Mr. Max asked Lawrence Moskowitz, an insurance agent, and Robert M. Frank, an accountant in Amityville, N.Y., to help revive the business, according to a lawyer for Mr. Moskowitz. After Hurricane Sandy struck in the fall of 2012, he and Mr. Frank assisted in claiming $300 million in flood insurance on the New Jersey warehouse where ALP stored “Peter’s keepers.” So far, they’ve recouped $48 million, with Mr. Moskowitz taking a 10 percent fee.

Mr. Moskowitz took a more active role in running the drifting studio. In exchange, his lawyer said, Mr. Max offered him 10 percent of ALP — half the artist’s stake. Mr. Moskowitz established an alliance with Gene Luntz, Mr. Max’s longtime salesman on his Park West account, and encouraged Adam Max to get more involved in the business.

Although Adam had technically been the president of ALP since its inception, in 2000, he had shown little interest in the day-to-day of his father’s business. But with his sister, Libra, living in Los Angeles, volunteering as a prominent animal rights activist, Adam began to work with Mr. Moskowitz to turbocharge ALP. He would later tell a court that his father asked him to take over active management.

Adam Max, Mr. Moskowitz and Mr. Luntz drastically increased business with Park West, relying on an expanding cast of artists to mimic Mr. Max’s more commercial work. In the acrylic-spattered space above the Chinese restaurant, according to seven people who have seen it, there were as many as 18 assistant painters and five people working on etchings.

To secure the studio, Adam Max installed surveillance cameras and doors with metal bars. His lawyer, Michael C. Barrows, said Adam deemed the measures necessary after noticing stolen works listed for sale online. He also began to monitor his father’s phone conversations and movements, according to court filings and people who observed the behavior. Mary and Libra Max, who had started to become increasingly concerned about her father, would later allege in separate court proceedings that they were both barred from the studio.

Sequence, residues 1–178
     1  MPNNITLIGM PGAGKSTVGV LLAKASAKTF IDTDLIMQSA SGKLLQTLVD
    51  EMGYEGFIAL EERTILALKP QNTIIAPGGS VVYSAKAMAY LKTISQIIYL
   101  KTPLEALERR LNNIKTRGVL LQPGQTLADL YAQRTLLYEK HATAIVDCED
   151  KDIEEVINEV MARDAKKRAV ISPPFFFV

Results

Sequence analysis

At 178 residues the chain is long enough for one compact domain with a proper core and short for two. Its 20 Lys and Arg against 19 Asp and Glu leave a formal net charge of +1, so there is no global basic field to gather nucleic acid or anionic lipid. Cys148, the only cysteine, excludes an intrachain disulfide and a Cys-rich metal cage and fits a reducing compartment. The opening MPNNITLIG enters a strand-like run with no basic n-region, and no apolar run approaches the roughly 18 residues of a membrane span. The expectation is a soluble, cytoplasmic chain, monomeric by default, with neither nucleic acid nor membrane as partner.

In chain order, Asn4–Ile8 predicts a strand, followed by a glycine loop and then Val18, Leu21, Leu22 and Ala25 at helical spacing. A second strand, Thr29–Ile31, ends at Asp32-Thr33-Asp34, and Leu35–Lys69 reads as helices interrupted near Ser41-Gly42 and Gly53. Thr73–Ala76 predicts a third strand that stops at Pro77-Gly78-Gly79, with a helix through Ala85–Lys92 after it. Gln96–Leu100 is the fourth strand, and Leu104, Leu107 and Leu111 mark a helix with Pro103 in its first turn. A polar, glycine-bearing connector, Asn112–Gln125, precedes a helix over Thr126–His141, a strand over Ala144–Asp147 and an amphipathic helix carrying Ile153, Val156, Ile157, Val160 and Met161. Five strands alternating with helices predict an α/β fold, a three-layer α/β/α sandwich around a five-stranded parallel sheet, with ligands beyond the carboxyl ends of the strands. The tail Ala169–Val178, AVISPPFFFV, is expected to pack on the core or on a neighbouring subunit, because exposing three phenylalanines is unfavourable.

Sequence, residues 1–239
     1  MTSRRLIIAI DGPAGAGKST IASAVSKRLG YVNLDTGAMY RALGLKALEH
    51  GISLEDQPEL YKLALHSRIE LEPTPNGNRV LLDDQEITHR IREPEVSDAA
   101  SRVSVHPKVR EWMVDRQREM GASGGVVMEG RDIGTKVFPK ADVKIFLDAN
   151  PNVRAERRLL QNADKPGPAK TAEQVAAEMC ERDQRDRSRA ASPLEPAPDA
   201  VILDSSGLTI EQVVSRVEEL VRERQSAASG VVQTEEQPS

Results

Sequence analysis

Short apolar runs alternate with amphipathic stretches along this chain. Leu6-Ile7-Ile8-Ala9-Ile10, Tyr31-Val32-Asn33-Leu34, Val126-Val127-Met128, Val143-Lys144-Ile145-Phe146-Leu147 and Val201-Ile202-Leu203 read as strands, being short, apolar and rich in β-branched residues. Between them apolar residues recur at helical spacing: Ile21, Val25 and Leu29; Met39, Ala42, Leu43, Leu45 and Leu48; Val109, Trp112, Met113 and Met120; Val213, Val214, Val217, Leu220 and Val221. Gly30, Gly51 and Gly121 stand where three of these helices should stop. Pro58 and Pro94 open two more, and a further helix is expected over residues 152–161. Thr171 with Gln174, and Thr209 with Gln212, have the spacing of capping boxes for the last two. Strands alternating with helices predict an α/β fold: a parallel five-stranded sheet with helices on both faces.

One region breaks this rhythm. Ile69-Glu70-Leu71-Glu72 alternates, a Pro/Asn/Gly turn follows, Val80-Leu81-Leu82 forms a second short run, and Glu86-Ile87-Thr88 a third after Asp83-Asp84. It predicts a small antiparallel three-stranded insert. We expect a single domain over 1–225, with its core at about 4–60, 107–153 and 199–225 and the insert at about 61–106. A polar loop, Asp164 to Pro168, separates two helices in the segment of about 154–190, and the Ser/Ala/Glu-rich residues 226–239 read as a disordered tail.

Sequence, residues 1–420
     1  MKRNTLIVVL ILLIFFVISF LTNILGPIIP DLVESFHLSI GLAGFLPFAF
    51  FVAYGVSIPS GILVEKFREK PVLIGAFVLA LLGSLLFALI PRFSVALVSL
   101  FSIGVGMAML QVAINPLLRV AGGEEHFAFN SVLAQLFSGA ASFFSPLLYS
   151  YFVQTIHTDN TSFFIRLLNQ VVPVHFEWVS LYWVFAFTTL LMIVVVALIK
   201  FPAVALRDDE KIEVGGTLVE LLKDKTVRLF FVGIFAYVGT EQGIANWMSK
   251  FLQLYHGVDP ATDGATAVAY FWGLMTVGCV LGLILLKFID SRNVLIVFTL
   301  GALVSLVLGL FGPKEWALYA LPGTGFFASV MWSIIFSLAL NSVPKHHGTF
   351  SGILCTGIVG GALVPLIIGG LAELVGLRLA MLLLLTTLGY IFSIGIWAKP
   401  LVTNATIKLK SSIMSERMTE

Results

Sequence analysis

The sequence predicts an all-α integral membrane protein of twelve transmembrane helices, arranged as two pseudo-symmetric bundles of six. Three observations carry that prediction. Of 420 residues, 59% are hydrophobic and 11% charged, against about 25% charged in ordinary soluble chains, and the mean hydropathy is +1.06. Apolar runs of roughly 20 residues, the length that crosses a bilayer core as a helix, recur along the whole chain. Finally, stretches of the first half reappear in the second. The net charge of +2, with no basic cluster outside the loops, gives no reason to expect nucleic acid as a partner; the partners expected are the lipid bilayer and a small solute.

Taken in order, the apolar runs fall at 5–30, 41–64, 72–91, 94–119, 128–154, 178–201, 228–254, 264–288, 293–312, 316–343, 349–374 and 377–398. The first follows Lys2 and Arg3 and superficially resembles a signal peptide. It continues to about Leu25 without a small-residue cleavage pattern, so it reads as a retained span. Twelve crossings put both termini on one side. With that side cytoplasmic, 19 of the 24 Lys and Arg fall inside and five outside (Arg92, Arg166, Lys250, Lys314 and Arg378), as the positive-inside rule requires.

Peter Max continued to keep up appearances. His hip fashions, dyed brown hair and slim physique made him look physically healthy, even as his mental capacity diminished. Park West would request his presence at V.I.P. sales events, sometimes asking him to visit several cities in a weekend, according to three people who accompanied him. The gallery can sell more than $2 million worth of art on a single big-spender cruise, and meeting Peter Max in person was the ultimate perk.

Mr. Max played the part, but he was often confused and exhausted, according to the travel companions. He soiled himself on one cruise, said one person who was with him at the time. Back in New York, Mr. Luntz would take his usual 15 percent agent’s commission of what Mr. Max made on the road. Privately, Mr. Luntz called Mr. Max “Bozo,” as in the clown, according to a Max family friend. (Mr. Luntz declined to comment.)

The lawsuits begin

Some Max collectors started to hear that Mr. Max wasn’t painting. In a 2014 lawsuit against the artist, two New York businessmen, who had helped sell a rendition of Mr. Max’s Statue of Liberty series to a collector for $500,000, said they overheard Mr. Moskowitz remark that the artist had “not painted in years.” The suit alleged that a team of “ghost painters” created his pieces, and that “the extent of Mr. Max’s involvement with these paintings is limited to merely signing his name on the artwork when it’s completed.”

The case is continuing. A lawyer for Mr. Moskowitz disputed that his client made those statements. He added that Mr. Moskowitz had observed Mr. Max putting paint on canvas in recent years, but couldn’t say whether he had produced complete works.

The next year, 2015, is when Mary Max asked the Supreme Court of the State of New York to appoint a guardian to oversee her husband’s business. She later told the court that she began to be followed by private investigators and threatened by men who approached her on the street, warning her to stop interfering in her husband’s business.

The accusations only got more sensational. Ms. Max told the court that Adam had taken custody of his father and concealed his whereabouts from friends and family — that he had effectively “kidnapped” Mr. Max, according to court filings.